Written on: Updated on:
As is the trend lately my current news seems to be stale news by the time I get around to blogging about it but nonetheless it’s one post I still feel relevant and somewhat important to me.
Yesterday my wife Colette and I decided to take my 3 year old son to his first live sporting event, and share a moment together on Valentines Day, at the South Africa v Pakistan one day International cricket match. Neither of us were sure just how long Luke would last but he loves to watch cricket when it’s on the television so we figured what the hell.
We got there just after 5pm which co-incidentally was also dinner time all thanks to a shoddy performance by Pakistan who only managed to put together a measly 153 runs. The atmosphere was very intense and exciting when South Africa came out to bat but you could just see that Luke was completely overwhelmed.
While the noise was a little scary at first Luke certainly warmed up to the event and soon really started to get into the game which was great. The amazing part for me was that we stayed for the entire South African innings with little complaint from the little guy.
That all said I have to admit that this was all marred by the fact that I just realised that cricket is really not a place for children anymore. Most of the people in the stadium were pissed beyond belief and I can not tell you how many fights nearly broke out in the area that we were sitting in.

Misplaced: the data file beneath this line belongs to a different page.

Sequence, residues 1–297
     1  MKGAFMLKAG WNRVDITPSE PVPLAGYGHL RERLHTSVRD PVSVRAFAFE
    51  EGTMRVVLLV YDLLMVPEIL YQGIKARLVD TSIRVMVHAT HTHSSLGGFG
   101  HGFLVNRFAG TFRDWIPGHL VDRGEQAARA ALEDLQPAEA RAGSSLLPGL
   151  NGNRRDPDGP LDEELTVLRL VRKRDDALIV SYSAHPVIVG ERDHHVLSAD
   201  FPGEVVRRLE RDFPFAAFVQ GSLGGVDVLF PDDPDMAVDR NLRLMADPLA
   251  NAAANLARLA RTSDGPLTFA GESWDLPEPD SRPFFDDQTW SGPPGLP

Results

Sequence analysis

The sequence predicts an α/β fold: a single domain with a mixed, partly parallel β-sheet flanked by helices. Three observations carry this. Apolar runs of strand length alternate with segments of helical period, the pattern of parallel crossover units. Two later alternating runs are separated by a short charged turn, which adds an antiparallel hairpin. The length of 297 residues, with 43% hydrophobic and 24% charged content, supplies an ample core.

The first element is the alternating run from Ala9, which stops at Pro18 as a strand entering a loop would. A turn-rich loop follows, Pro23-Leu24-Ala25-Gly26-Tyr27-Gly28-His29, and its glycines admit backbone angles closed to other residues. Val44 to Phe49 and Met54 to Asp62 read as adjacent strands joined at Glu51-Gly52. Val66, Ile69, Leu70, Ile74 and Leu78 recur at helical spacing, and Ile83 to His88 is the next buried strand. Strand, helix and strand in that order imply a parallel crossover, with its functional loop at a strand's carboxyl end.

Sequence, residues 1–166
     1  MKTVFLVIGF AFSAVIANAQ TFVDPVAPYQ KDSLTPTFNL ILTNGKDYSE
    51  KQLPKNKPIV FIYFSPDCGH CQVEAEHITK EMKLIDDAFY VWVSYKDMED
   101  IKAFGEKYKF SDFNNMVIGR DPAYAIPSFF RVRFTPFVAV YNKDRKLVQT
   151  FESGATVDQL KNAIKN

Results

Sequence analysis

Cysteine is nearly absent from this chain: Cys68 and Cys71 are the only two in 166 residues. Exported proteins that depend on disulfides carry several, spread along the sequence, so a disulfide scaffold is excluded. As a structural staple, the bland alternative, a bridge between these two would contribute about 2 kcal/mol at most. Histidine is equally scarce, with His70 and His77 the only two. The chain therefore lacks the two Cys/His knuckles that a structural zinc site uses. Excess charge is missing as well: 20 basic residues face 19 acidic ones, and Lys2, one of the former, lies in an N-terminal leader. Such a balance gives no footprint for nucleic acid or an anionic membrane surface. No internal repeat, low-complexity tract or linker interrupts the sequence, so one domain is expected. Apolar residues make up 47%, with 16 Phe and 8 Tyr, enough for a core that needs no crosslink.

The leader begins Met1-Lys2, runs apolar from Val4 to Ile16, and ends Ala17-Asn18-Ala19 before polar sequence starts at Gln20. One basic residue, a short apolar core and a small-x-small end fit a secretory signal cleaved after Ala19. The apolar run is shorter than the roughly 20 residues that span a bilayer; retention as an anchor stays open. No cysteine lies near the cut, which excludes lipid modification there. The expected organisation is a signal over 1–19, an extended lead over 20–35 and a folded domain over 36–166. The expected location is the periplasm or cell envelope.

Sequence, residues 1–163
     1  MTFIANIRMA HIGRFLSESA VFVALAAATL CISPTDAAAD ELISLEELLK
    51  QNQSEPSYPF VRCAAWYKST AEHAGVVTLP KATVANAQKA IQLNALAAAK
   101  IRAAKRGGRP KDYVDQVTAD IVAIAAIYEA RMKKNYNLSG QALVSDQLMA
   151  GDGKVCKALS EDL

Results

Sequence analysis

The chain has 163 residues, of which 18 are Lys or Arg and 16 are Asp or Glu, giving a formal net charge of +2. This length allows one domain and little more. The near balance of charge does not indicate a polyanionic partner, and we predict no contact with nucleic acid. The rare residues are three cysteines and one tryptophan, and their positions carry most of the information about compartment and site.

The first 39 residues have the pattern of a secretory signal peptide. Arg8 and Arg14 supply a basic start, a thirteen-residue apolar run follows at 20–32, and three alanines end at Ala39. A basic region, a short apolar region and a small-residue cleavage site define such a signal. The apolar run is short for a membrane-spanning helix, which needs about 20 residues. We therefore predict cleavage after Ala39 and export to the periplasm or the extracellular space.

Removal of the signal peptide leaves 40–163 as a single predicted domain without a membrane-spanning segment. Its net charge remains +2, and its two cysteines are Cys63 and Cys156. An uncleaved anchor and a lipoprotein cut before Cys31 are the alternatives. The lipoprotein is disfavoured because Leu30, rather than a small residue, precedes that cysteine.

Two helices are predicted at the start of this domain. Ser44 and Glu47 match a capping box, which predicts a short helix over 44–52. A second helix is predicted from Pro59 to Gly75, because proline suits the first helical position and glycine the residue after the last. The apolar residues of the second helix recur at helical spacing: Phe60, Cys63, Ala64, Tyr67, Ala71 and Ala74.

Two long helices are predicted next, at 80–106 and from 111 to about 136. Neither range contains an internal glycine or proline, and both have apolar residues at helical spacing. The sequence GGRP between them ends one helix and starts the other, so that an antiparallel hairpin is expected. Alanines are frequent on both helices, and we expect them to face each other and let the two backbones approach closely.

One such incident involved a very large white man and an even larger Pakistani man. The Pakistani was standing in front of the large white male, who was directly in front of us, and it turned very ugly indeed. It ended with the white guy pushing the Pakistani and him leaving cursing spitting and screaming. Quite disgusting in truth.
As adults, or even teenagers, we can somehow comprehend what is happening when these things break out but for a three year old it is simply scary. I watched this incident through the eyes of my child and I’m ashamed that I subjected him to this. It just seems to me that people in South Africa simply don’t care about the sport and more about getting pissed and causing chaos in a stadium. It happens in all sporting matches in our stadiums and it simply isn’t good enough.
What is really ironic is that I spent quite a bit of time in London last year watching some very big football games and despite English fans having such a bad reputation for hooliganism I’d now sooner take my child to a football game in London than a sporting event in South Africa.